Nutritional Environment Measures Survey

NEMS S Projects and Applications

The Detroit Food Map

Dr. Alex Hill, a professor at Wayne State, has an amazing website,, which incorporates his ongoing use of NEMS-S and NEMS-CS. He has been using NEMS tools for many years to track the food landscape of Detroit. His NEMS-S project, Grocery Stores as Anchors of Community Nutrition, has been testing the hypothesis that Detroit is a food desert as well as testing the reliability of food stores as access points for nutritional and healthy food options, using NEMS-S measures and GIS analysis to survey the nutritional food environment of Detroit, specifically focusing on access to healthy options in Detroit’s food system.

For his NEMS-CS project, Healthy Food in Corner Stores, it was motivated by the claim often cited that more Detroiters shop at liquor stores than at grocery stores. He knows this to be false and recent research proves it to be false. However, there is a lack of knowledge about what is available in convenience, corner, and dollar stores.

NEMS-S in the Classroom

John Hopkins Political Science Professor Adam Sheingate decided to use the NEMS-S tool with a summer class. Click here if you would like to read more about his class project.

Using NEMS-S to Study Food Access in Baton Rouge, LA.

Dr. Stephanie Broyles at the Pennington Biomedical Research Center in Baton Rouge, LA, received a grant from the American Heart Association to study children’s neighborhood food environments. Four data collectors used the NEMS-S program for tablets and visited over 550 food stores and produce markets in the parishes surrounding Baton Rouge. The data are being linked to other study data to investigate the impact of local food environments on a variety of health outcomes and behavior changes. The data have also been used to inform local food access policy within the East Baton Rouge Food Access Policy Commission’s findings and recommendations.

Presentation of NEMS-S Adaptation for Mexican Americans

Dr. Donna M. Winham presented the adaptation of the NEMS-S tool for the Mexican American population at the Experimental Biology Conference in April 2013 that she and Dr. Seline Szkupinski Quiroga collaborated on while at Arizona State University. The tool itself has not been publicly released but you can click here to view the slides on the adaptation.  Dr. Winham is the owner and principal consultant at Howell Research Associates, LLC, and can be contacted at

Using NEMS-S in a Latino Neighborhood in Milwaukee, WI (about 45 minutes) (2012)

Stephanie Calloway and Tatiana Maida of CORE/El Centro in Milwaukee, WI trained some promotoras to collect NEMS-S data. Learn about their project and results in this webinar. If you would like to contact them to learn more, email Stephanie at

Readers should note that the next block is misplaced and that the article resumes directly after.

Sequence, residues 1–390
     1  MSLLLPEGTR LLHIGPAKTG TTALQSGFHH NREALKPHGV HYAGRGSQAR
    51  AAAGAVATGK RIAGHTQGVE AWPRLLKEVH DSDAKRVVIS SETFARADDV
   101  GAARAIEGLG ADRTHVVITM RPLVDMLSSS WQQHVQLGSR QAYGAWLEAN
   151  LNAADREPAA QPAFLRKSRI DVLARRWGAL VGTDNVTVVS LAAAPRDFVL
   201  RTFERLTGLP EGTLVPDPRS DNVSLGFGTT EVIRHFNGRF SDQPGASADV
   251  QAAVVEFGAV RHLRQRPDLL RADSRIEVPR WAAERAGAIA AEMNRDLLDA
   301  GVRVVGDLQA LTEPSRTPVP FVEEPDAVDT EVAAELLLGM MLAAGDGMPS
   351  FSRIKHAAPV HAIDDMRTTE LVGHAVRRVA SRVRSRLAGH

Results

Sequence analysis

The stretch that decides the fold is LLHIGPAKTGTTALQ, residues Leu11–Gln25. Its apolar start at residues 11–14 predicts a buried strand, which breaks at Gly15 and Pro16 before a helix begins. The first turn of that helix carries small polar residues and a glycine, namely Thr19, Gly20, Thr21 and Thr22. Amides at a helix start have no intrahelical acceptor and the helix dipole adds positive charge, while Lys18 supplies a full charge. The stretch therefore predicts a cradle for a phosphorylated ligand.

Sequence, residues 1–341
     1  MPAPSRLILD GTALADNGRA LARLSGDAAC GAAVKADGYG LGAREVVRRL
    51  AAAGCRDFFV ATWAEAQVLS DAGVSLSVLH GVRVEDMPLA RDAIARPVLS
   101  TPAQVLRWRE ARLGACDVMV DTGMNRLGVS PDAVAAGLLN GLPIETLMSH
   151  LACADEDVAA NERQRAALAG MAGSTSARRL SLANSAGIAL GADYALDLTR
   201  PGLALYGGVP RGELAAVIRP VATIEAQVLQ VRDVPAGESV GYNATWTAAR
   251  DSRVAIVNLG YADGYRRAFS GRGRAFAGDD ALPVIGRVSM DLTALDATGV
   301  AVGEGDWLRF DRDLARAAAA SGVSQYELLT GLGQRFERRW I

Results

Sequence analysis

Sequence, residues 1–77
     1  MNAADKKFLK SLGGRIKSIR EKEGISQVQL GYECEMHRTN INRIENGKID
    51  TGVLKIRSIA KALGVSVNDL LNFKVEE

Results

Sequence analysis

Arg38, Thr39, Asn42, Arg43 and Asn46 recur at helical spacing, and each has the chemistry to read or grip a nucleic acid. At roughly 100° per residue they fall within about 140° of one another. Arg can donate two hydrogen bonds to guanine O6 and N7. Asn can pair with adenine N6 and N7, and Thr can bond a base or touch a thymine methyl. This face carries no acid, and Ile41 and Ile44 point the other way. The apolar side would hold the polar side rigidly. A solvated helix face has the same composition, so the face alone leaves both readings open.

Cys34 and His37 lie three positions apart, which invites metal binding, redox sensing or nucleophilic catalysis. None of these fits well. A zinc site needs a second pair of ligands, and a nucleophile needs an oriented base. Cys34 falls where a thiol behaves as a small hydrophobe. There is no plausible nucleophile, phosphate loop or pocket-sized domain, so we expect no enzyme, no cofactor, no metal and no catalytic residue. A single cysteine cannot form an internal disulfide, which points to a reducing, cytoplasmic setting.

If you’d like to view the webinar, click here.  If you would like to read more in-depth about their project, please go to the publication page and click the NEMS-S tag, or read the article here.

Omaha’s use of NEMS-S for their WIC Project (March 12, 2010)

In the spring of 2009, Douglas County Health Department (DCHD)began a NEMS project to address childhood obesity and prepare for the new WIC food packages. They customized the NEMS-S tool to better understand the adequacy of the retail food network and its capacity system to meet the demands of the new WIC food packages. The tool captured data regarding the type of food available, number of healthy choices within a food category, cost of those choices, and quality of the fresh produce. The project initially identified 507 food outlets in the metropolitan area; 89 were eliminated as single food outlets as bakeries and butcher shops. Fifty trained community volunteers collected data in 385 retail food establishments in the metropolitan area over a one month period. Stores with multiple healthy options in each of the five groups (fruits, vegetables, dairy, protein, and grains) were mapped with a one-mile radius. The results of the survey demonstrated geographic areas where the retail food system has limited ability to meet the needs of citizens and stores whose inventory had the potential to improve their nutrition profile. Since the initial assessment was conducted, follow-ups have been done to continue to assess the changes in the food landscape.

  • To listen to Mary Balluff describe the initial project, please view the webinar.  
  • A more detailed report of Omaha’s work can be found here
  • To view the modified NEMS-S tool used in the project (Appendix B pg. 52) along with a detailed report on the follow-up NEMS assessment, click here.

Seattle, WA (2010)

Graduate student Sara Coulter wrote her thesis on her NEMS-S data collected in a low-income racially diverse neighborhood in Seattle, WA.  To read the abstract of her results, please click here.  To read the entire thesis, click here.

Leon County, Florida (2010)

Angela Leone, a graduate student at UGA analyzed the NEMS data collected in Leon County, Florida.  To read the abstract of her results, please click here. You can also see her publication of the results on the publications webpage, under the NEMS-S section.